As the National Collegiate Athletic Association contemplates how it will redesign its governance and membership structure, some groups, including conference commissioners , the Knight Commission on Intercollegiate Athletics  and the Division I Faculty Athletics Representatives Board , have suggested or at least been open to the notion of the largest athletic programs forming their own division. That would allow more leniency in how they could recruit and provide financial aid to athletes.
But the group that represents FARs in all divisions, the Faculty Athletics Representatives Association, wants Division I to stay intact. In a position statement obtained by Inside Higher Ed, the FARA Executive Committee argues that Division I institutions are committed to a group of core academic and athletic values and primarily compete against each other, so retaining the current division would be "the most practical option."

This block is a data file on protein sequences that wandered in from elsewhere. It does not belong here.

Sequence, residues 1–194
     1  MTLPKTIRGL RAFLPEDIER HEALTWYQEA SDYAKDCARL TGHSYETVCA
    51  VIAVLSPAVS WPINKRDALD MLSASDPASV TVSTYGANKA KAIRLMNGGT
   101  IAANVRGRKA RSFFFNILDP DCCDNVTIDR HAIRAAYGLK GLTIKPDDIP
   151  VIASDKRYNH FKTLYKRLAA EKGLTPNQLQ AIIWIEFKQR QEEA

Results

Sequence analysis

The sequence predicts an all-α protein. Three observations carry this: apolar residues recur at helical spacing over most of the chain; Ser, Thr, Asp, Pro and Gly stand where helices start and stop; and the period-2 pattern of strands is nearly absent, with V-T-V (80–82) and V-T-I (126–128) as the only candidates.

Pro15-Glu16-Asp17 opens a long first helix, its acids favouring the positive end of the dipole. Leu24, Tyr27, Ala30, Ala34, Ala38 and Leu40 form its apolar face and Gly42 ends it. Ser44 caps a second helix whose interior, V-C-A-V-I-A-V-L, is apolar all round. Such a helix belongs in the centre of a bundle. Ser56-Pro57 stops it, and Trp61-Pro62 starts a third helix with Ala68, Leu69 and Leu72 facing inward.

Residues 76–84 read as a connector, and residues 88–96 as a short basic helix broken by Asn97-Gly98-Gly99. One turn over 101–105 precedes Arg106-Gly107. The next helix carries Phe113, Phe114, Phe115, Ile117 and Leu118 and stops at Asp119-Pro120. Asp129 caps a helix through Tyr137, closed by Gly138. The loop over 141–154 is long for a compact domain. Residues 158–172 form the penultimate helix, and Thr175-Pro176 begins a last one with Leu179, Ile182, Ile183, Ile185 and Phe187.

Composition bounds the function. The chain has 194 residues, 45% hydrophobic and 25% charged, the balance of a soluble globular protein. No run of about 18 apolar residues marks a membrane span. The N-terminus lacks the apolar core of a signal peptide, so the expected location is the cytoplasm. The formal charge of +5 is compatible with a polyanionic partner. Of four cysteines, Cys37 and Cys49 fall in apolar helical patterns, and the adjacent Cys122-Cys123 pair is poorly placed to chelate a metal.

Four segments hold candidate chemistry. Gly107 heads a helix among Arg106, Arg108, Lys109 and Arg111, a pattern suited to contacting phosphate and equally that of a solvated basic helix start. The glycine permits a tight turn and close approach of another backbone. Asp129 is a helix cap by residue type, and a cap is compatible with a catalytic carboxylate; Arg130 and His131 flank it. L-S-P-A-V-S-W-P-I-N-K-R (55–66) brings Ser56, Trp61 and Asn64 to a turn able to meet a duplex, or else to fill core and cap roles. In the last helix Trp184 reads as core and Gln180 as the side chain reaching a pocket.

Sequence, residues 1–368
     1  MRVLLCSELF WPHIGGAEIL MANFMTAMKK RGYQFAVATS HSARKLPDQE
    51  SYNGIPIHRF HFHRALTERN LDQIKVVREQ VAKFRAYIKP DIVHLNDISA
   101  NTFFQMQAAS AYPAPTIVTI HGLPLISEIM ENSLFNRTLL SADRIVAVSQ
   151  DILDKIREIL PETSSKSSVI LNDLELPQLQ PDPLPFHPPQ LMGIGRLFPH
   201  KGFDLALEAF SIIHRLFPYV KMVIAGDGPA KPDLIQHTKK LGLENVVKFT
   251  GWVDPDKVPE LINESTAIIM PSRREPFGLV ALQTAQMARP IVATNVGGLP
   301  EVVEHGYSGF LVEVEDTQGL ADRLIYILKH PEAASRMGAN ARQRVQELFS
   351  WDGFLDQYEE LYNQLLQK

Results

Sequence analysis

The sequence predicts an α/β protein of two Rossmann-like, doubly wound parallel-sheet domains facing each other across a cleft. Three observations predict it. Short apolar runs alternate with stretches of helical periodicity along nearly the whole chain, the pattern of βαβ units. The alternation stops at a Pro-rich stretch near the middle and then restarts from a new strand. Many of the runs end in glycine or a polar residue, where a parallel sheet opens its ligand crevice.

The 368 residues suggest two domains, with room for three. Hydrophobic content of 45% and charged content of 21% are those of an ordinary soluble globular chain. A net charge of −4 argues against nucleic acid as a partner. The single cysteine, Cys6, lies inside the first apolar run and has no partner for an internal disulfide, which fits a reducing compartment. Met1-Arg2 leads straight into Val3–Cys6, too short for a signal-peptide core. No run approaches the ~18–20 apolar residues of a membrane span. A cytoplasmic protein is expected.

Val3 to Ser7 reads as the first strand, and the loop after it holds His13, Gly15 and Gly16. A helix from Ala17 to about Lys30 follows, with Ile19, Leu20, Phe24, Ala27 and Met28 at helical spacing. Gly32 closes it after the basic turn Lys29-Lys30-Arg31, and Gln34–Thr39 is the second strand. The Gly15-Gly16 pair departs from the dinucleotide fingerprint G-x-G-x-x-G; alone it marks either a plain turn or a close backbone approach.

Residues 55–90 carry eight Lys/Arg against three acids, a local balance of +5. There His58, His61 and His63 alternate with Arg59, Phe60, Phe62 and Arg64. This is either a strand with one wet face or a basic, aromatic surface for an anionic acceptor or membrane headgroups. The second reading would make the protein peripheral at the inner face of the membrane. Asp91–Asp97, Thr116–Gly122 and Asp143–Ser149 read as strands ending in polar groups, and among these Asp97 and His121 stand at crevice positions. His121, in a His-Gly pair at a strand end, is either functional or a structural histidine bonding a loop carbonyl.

The FARA also wants the Division I Board of Directors to comprise a "small group" of university presidents (as i t does currently ) and CEOs "looking to position intercollegiate athletics through the changing and challenging landscape of American society." The group would not make policy but would set an overarching agenda and oversee NCAA leadership at lower levels. FARs, athletic directors, coaches, athletes and other stakeholders would have a say in policy development, and would be entitled to seats on the various boards, councils and committees that make rules.